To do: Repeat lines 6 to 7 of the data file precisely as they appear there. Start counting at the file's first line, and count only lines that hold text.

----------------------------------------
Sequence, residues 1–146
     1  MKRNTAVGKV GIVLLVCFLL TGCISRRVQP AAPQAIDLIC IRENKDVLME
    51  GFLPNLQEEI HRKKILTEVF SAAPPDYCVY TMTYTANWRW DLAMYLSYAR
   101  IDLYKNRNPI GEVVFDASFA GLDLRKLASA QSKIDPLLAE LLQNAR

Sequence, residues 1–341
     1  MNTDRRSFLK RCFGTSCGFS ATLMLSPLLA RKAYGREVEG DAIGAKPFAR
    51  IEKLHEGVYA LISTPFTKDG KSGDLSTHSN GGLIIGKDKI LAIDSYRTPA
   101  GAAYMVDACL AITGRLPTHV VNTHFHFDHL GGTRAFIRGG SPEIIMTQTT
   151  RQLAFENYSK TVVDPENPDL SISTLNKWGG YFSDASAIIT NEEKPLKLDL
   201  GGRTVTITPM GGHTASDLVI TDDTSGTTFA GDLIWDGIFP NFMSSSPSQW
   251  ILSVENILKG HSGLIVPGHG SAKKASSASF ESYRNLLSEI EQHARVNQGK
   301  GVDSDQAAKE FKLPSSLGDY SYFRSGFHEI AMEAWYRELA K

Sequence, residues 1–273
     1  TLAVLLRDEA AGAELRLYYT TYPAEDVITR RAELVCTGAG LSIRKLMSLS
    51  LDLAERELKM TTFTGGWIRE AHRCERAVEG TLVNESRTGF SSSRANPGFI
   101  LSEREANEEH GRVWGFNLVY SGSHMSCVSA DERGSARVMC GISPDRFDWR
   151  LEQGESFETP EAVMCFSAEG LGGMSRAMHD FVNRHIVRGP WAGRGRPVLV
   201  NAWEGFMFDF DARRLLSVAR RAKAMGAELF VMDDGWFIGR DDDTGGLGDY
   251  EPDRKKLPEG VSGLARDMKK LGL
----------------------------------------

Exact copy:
     1  MNTDRRSFLK RCFGTSCGFS ATLMLSPLLA RKAYGREVEG DAIGAKPFAR
    51  IEKLHEGVYA LISTPFTKDG KSGDLSTHSN GGLIIGKDKI LAIDSYRTPA